My name is Arthur Williams Nebrao, Jr., SJ. I will be turning 29 years old this November. I grew up as an adopted child in Zamboanga City, but for the past eight years, I was staying here in Manila. On 1998 I graduated BS in Computer Science at Ateneo de Zamboanga University. After college, I taught for one year in the same school teaching Systems Analysis and Basic programming. I also maintain the school system as part of my staff load.

After some time of discernment, I volunteered with the Jesuit Volunteers Philippines. This is a lay organization which sends volunteers as teachers, youth organizer, pastoral workers, NGO program officers, campus ministers and social workers to different poor areas in the country. I was then assigned with Philippine Jesuit Prison Service in the New Bilibid Prisons. I served as a rehabilitation officer for the soon-to-be-released-prisoners under the Pre-Release Rehabilitation program. For the latter part of my stay, I was one of the organizers of Juvenile Assistantcy Program which aims to foster rehabilitation for youth offenders in Bilibid. Proud to say our efforts gave way for the effectively of the Juvenile Delinquency Law and the abolition of death penalty in the country. I stayed there for two wonderful and fruitful years before I enter the Philippine Province of the Society of Jesus on 2001 as a Prenovice.

Presently I am a Jesuit Scholastic taking up MA Philosophy in Ateneo de Manila as part of the two year Philosophy formation program. Hopefully after this school year, I will be sent for the two year Regency formation program which gives us the opportunity to teach basic education in the different Ateneo schools or to do mission work in Cambodia or East Timor. This is all part of the eleven years formation program of the Society of Jesus.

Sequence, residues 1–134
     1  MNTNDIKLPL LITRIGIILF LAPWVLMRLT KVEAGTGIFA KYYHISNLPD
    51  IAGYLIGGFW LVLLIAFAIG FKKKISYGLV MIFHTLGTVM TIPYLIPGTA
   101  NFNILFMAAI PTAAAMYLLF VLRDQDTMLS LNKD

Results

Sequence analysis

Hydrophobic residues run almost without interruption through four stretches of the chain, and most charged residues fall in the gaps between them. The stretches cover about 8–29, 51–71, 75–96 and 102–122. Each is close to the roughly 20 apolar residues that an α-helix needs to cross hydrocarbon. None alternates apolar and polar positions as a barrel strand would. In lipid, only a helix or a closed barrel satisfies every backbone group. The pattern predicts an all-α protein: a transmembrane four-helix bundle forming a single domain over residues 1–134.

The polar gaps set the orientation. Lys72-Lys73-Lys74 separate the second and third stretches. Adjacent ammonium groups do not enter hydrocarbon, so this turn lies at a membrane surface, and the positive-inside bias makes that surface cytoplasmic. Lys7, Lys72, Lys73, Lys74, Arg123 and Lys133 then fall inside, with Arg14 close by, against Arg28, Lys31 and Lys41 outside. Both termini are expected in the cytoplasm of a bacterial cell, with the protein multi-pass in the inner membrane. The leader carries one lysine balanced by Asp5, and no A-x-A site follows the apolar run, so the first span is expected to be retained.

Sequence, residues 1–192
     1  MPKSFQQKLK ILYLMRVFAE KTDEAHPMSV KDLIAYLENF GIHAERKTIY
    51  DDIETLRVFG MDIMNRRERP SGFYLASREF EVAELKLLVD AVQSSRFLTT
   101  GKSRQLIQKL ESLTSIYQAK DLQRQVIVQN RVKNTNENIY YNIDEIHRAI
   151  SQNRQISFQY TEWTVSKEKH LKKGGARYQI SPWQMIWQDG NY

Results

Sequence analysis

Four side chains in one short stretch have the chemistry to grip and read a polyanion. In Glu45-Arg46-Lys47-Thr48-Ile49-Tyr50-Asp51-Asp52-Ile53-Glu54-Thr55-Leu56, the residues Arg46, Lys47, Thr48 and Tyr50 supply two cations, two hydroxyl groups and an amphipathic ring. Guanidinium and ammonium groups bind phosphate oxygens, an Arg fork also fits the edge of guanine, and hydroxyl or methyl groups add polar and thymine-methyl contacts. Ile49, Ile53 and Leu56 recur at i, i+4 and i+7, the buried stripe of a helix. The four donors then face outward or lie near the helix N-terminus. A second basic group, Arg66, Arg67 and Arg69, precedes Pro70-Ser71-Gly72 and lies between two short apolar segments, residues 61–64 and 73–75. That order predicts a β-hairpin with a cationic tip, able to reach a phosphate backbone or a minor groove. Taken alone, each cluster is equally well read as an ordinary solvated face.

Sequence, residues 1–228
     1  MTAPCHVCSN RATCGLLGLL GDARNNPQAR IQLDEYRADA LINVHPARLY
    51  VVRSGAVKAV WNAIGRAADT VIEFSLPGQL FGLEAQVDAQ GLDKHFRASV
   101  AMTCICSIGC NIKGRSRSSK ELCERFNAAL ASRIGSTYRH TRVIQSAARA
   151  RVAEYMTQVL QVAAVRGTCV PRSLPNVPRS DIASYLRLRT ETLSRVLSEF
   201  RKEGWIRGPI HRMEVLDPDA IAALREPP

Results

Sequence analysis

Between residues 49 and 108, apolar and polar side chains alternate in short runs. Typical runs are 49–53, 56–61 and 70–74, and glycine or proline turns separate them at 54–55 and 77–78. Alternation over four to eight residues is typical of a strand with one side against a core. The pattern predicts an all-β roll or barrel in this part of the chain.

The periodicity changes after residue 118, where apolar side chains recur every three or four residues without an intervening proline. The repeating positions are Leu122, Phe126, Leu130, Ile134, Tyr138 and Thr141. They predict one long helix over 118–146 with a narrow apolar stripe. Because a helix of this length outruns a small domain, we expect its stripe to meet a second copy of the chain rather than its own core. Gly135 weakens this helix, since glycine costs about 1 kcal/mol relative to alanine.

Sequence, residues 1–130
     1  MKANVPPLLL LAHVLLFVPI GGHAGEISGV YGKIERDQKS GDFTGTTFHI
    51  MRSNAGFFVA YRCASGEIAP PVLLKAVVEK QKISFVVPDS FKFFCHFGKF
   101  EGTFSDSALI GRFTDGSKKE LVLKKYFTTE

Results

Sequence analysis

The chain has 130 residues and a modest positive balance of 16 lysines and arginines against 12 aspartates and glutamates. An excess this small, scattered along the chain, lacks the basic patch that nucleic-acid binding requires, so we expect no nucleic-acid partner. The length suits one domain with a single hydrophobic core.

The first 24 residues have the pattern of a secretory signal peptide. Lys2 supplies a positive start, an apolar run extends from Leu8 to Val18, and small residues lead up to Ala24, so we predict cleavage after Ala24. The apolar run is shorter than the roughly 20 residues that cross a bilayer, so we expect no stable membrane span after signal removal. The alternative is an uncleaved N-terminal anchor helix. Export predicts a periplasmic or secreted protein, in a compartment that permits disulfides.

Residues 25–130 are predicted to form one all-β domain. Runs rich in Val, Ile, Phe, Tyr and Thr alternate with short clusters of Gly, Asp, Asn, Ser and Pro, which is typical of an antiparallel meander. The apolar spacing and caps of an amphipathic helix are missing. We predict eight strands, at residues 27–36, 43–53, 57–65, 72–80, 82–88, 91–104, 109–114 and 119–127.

Since I have accomplished enough Philosophy courses since I have started, I was asked to take the eighteen units of Education in order to take the licensure as well as to use these foundations in education during my regency work.

Presently, I don’t teach any class. But what I can share is that we are assigned in different apostolates. My primary apostolate is moderating the Ateneo Christian Life Community (ACLC). This is a student organization in the Loyola Schools which focuses on three aspects of formation: prayer, community, and apostolate. The consolation I am experiencing with ACLC is guiding and experiencing the magnanimity of the youth in proclaiming God’s love and social justice to the poor. My secondary apostolate comes in the form of spiritual direction, retreat and recollection giving, as well as doing multi-media projects for the various offices in the Province. If I may include, it is really a challenge and a grace to guide these gifted and unique souls as they journey in their own life. I may not be teaching but I have close contact with students as a moderator of ACLC and in the process I could help the students realize their giftedness.

Arthur W. Nebrao, Jr., SJ
Ma Ph
5 August 2006
for Education of the Gifted